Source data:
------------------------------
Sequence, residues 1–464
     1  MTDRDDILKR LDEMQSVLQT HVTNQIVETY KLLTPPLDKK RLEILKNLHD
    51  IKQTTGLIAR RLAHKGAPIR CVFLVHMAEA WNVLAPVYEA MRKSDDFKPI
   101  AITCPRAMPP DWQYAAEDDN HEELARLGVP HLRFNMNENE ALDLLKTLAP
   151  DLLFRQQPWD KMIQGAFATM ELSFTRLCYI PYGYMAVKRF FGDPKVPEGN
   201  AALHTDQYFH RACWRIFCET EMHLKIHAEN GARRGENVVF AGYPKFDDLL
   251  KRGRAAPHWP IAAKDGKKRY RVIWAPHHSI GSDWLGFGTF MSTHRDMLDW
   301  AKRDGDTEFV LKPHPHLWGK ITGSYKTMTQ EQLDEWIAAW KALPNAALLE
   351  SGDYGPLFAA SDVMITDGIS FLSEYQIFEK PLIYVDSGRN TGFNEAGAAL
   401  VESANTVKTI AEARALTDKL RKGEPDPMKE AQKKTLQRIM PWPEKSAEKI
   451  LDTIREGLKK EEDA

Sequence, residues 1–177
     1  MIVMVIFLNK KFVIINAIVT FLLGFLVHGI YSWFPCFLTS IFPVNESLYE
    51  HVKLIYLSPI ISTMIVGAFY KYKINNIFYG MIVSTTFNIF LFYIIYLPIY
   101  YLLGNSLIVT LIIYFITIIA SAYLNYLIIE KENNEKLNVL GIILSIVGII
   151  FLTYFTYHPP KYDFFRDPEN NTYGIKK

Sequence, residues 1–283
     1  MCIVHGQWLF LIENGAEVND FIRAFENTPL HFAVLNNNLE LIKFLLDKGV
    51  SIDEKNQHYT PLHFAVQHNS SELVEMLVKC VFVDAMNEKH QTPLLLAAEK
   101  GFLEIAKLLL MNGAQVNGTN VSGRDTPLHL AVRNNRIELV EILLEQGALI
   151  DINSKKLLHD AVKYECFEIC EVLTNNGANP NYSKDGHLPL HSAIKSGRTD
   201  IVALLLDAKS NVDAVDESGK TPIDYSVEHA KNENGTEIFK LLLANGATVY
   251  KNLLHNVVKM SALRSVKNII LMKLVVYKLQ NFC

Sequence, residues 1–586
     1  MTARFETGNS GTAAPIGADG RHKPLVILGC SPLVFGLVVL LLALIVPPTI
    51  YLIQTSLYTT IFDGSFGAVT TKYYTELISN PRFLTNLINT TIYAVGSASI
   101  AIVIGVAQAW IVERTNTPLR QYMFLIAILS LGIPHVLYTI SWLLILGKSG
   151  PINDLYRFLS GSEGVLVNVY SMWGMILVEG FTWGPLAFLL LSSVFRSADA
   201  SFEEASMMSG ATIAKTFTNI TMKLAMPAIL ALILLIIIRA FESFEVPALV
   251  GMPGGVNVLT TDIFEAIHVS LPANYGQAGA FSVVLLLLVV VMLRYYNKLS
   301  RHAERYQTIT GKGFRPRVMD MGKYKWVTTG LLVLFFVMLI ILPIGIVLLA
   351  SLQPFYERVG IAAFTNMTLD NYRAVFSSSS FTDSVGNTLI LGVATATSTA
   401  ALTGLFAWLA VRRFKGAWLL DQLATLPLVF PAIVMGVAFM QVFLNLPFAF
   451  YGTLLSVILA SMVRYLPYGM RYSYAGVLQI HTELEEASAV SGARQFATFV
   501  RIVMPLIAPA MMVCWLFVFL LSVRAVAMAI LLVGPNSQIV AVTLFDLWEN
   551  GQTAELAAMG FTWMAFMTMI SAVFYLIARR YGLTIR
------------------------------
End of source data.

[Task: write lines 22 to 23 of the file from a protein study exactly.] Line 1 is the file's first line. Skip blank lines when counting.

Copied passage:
   201  IVALLLDAKS NVDAVDESGK TPIDYSVEHA KNENGTEIFK LLLANGATVY
   251  KNLLHNVVKM SALRSVKNII LMKLVVYKLQ NFC